An interesting post by Dennis Baron at the OUP Blog on the Dictionary Act, which seems to define “writing” rather narrowly as per U.S. law:
The problem with the Dictionary Act’s definition of writing is that it is specific without being inclusive. The law identifies as writing a number of technologies that many people might not have considered to be writing at the time the statute was drafted. Unfortunately, this attempt at cutting-edge defining now seems quaint but retro: some of the technologies that the Act names are obsolete–even typewriters in America are more likely to be museum pieces or attic junk than writing machines–and it is silent on the new technologies that should be covered by a legal definition.
It’s time for our lawmakers to acknowledge that, with more writing done with silicon chips than pen and ink, we’re shifting away from mechanically reproducible text to writing on screen. The advent of text-to-speech and speech-to-text technologies promises to blur the traditional distinctions between speech and writing. And the forms which writing takes are not just visible representations of our ideas, but machine-readable strings of 1’s and 0’s, charged particles, nanoswitches flipping on and off, LEDs, pixels, and things not yet dreamt of in our philosophy. Writing is becoming less and less a physical object which can be grasped, or whose physical location can be fixed in time and space, and more and more something that can be coded and streamed, fragmented and rematerialized, zipped and expanded, mashed and remixed, and moved around with the fingertips on a touch screen. Try selling that to a bunch of legislators who think of the internet as a series of tubes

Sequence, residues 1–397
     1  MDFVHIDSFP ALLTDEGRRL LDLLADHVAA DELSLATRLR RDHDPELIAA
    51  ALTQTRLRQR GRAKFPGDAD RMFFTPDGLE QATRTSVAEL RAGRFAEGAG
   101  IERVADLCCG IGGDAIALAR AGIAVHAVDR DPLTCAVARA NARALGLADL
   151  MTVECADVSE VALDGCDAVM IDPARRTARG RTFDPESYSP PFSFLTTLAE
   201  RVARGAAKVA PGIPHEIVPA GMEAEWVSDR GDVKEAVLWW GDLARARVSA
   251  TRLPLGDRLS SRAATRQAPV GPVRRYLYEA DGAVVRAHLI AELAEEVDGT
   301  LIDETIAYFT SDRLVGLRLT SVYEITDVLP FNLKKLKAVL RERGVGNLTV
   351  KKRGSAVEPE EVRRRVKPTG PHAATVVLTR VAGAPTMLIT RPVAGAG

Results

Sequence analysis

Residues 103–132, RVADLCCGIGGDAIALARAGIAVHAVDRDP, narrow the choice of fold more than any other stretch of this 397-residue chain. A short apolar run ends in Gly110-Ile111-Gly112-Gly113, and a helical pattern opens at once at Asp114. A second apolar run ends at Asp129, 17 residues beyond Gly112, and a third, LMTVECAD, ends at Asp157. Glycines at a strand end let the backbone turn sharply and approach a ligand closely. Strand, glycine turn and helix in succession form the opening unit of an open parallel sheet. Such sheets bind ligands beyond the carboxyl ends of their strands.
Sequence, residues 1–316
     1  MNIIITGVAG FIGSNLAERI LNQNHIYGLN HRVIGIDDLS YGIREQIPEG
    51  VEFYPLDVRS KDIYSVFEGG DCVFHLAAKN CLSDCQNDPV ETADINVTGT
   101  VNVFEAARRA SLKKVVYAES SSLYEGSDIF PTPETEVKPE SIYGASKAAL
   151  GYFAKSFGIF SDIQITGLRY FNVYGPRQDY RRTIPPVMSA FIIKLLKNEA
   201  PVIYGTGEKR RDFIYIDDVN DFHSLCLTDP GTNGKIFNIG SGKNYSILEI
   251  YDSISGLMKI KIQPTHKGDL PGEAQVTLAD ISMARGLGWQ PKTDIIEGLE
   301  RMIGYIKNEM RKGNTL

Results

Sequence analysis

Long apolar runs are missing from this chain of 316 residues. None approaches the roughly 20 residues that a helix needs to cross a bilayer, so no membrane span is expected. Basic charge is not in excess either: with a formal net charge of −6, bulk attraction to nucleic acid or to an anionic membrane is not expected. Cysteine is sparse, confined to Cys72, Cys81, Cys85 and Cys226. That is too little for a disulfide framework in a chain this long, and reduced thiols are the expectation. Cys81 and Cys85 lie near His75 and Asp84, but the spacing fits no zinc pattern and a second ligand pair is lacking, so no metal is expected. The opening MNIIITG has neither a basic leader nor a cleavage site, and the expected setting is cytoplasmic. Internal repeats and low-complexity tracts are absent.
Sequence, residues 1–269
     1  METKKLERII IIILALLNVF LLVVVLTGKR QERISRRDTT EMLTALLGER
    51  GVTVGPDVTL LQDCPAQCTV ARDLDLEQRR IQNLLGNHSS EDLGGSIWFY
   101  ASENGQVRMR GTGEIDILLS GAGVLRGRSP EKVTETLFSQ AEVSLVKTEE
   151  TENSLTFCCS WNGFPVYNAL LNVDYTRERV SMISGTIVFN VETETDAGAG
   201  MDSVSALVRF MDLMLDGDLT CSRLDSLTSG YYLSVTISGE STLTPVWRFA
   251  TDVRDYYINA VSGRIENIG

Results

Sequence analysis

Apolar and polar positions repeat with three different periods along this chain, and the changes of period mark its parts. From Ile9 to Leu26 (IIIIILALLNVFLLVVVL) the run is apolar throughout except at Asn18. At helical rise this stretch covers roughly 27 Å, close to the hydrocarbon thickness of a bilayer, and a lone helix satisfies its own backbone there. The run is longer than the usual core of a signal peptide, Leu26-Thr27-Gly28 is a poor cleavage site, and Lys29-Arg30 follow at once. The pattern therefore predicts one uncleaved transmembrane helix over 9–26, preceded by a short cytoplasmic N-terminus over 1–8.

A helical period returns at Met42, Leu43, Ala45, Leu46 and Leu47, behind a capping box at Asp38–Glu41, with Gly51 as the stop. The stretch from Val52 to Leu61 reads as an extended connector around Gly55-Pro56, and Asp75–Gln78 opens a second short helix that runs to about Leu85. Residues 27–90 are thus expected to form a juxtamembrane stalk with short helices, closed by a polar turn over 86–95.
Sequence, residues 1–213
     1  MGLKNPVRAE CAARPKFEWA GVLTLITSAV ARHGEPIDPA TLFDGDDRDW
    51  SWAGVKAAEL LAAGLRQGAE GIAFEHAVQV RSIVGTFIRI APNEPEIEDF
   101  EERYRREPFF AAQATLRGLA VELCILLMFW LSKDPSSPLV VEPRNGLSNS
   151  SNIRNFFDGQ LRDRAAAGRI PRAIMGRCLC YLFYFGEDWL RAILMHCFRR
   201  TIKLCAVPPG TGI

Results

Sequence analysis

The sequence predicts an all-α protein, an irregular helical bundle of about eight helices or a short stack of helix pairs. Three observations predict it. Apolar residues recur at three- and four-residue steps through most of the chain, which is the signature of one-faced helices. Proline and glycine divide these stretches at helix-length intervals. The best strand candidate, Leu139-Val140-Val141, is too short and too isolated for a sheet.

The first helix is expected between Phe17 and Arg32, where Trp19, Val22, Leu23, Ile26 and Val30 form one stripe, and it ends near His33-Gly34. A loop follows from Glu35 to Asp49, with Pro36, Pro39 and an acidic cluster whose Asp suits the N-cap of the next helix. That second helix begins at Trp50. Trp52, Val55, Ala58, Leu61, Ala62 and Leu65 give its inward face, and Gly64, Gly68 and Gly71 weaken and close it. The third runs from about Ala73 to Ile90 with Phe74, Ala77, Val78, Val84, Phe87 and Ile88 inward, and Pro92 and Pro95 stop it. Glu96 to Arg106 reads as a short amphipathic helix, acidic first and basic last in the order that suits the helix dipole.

There are lots of good points in here (and reading its musing on the increasing digitization of all discourse one wonders when writing will be equated with simply talking), but I was left to ask myself so what? Sure, the definition of writing in the Dictionary Act is a poor one by many standards, but what harm is it doing? What could be better about society if it was changed? And what of these shadowy forces that Dennis Baron implies rather paranoically are working to keep things as they are?
Alas, Baron never tells us . . .